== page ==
One of the most fantastic elements of American contemporary music is its dynamic collaborative ecosystem. As a percussionist and nerd, I’m fascinated with the degree to which long-term relationships between composers and performers generate compelling music and effective advocacy. Highlighting the amazing work of musical friends is a driving force of my cello/percussion duo New Morse Code, and a gigantic part of my playing, teaching, and thinking about percussion.
In these four posts, I want to explore some collaborations that have inspired me, and take a look at the role of long-term relationships and physical place in contemporary music. Fortunately, I have a fantastic point from which to observe. Since 2015, my New Morse Code partner Hannah Collins and I co-direct a unique incubator for composer/performer collaborations. Avaloch Farm Music Institute is a residency designed for performing ensembles founded by Fred Tauber and Deb Sherr in 2015. Avaloch’s New Music Initiative is a specially curated month within this season. During each week of this month, the farm is full of preexisting chamber ensembles collaborating with composers on new work.
To Avaloch veteran Robert Honstein, the atmosphere at Avaloch’s New Music Initiative is somewhere between a festival, composer residency, and rehearsal. Where festivals tend to center on goals and activities, residencies on isolation, and rehearsals on focused objectives, Avaloch is an amalgamation of all three, marked by a “healthy exchange of ideas between participants,” “the gift of time and space,” and a wonderful collaborative energy. Our weekly sharing sessions are fantastic examples of this diversity and fecundity. Equal parts performance, presentation, and question and answer session, these get-togethers allow everyone on the farm the chance to share new material with a supportive community without the pressure of a formalized concert environment. I think of these events as extensions of our informal conversations and natural cross-pollination, a slightly more formal version of the lingering in doorways and pdf Airdropping we’ve been doing all week. The population of Avaloch changes each week, but ensembles who’ve been here inevitably stay in touch, play the works of composers they met while in residence, and plan concerts together.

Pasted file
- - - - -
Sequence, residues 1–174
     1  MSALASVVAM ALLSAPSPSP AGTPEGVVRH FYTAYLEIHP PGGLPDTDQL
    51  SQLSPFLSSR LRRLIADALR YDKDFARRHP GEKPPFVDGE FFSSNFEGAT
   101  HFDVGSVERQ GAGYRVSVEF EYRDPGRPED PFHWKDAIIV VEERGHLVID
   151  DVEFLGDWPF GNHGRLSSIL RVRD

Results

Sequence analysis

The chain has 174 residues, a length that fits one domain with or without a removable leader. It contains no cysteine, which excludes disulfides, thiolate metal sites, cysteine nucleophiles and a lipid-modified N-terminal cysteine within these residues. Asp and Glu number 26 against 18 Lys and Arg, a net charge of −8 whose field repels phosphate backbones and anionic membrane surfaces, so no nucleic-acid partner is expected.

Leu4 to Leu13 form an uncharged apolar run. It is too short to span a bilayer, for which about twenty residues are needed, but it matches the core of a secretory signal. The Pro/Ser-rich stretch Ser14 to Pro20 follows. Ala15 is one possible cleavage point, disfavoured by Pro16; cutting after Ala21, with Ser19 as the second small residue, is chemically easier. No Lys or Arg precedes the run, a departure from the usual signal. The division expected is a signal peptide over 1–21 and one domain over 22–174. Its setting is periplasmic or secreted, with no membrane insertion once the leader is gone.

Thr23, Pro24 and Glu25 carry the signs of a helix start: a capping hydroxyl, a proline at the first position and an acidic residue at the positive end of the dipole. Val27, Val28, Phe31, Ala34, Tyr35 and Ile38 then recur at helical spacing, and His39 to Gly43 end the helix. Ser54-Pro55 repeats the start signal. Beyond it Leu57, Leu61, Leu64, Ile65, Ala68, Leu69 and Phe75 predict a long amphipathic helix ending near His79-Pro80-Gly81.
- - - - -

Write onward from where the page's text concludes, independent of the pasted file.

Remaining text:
Since the New Music Initiative began in 2015, we’ve had an amazing assortment of performers and composers from across the world, with projects ranging from burgeoning collaborations to the workshopping of grant-funded commissions. The first week of 2016’s New Music Initiative is a wonderfully representative assortment: In one night, we heard performances from Triplepoint Trio, LuSo Percussion, Arx Duo, and HereNowHear, featuring world premieres from Michael Laurello, Alyssa Weinberg, and a new work co-written by the members of Invisible Anatomy.
The diversity and dynamism of projects at Avaloch’s NMI provides both a wonderful argument for the efficacy of contemporary music in contemporary culture as well as a convenient site from which to examine and juxtapose some creative dialogues that inspire, catalyze, and drive new music. Over the course of these posts, I want to shine light on the different types of work happening at Avaloch, observing how some interesting ensembles and composers create. How can taking part in a close dialogue over the genesis of a piece lead to more sustained and flexible partnerships? How do ensembles of composer/performers break down traditional “roles” while crafting fluid, group-developed music? How can being in an idyllic natural setting, surrounded by other interesting musicians and away from one’s normal routine, impact creative work? Is it important to be friends?
I hope that my amateur-hour ethnography is not interpreted as a shoddy attempt to create a taxonomy of creative models and draw homologies between unrelated experiences. My goal is not to say that the types of collaborations I’ve been fortunate enough to observe and take part in at Avaloch grant me authority to make broader statements about the direction and scope of contemporary music in the US. Instead, I hope to accomplish something much more selfish: to describe some wonderful music I’ve heard and to ask questions that will drive my own future collaborations and that may (hopefully) inspire you as well.
Next time, I’ll explore how some groups at Avaloch blur the line between performer and composer, taking a closer look at one group where composers perform (Invisible Anatomy) and one where performers compose (Triplepoint Trio). Stay tuned and join in our exploits on Facebook and Instagram.
Michael Compitello is a percussionist active as a chamber musician, soloist, and teaching artist. He has performed with Ensemble Modern, Ensemble Signal, Ensemble ACJW, and has worked with composers Helmut Lachenmann, Nicolaus A. Huber, David Lang, John Luther Adams, Alejandro Viñao, Marc Applebaum, and Martin Bresnick on premieres and performances of new chamber works.
With cellist Hannah Collins as New Morse Code, Michael has created a singular and personal repertoire through long-term collaboration with some of America’s most esteemed young composers. He also champions new and recent works for solo percussion in the US and abroad.
Michael is assistant professor of percussion at the University of Kansas. He earned a DMA and MM from the Yale School of Music, and a BM from the Peabody Conservatory.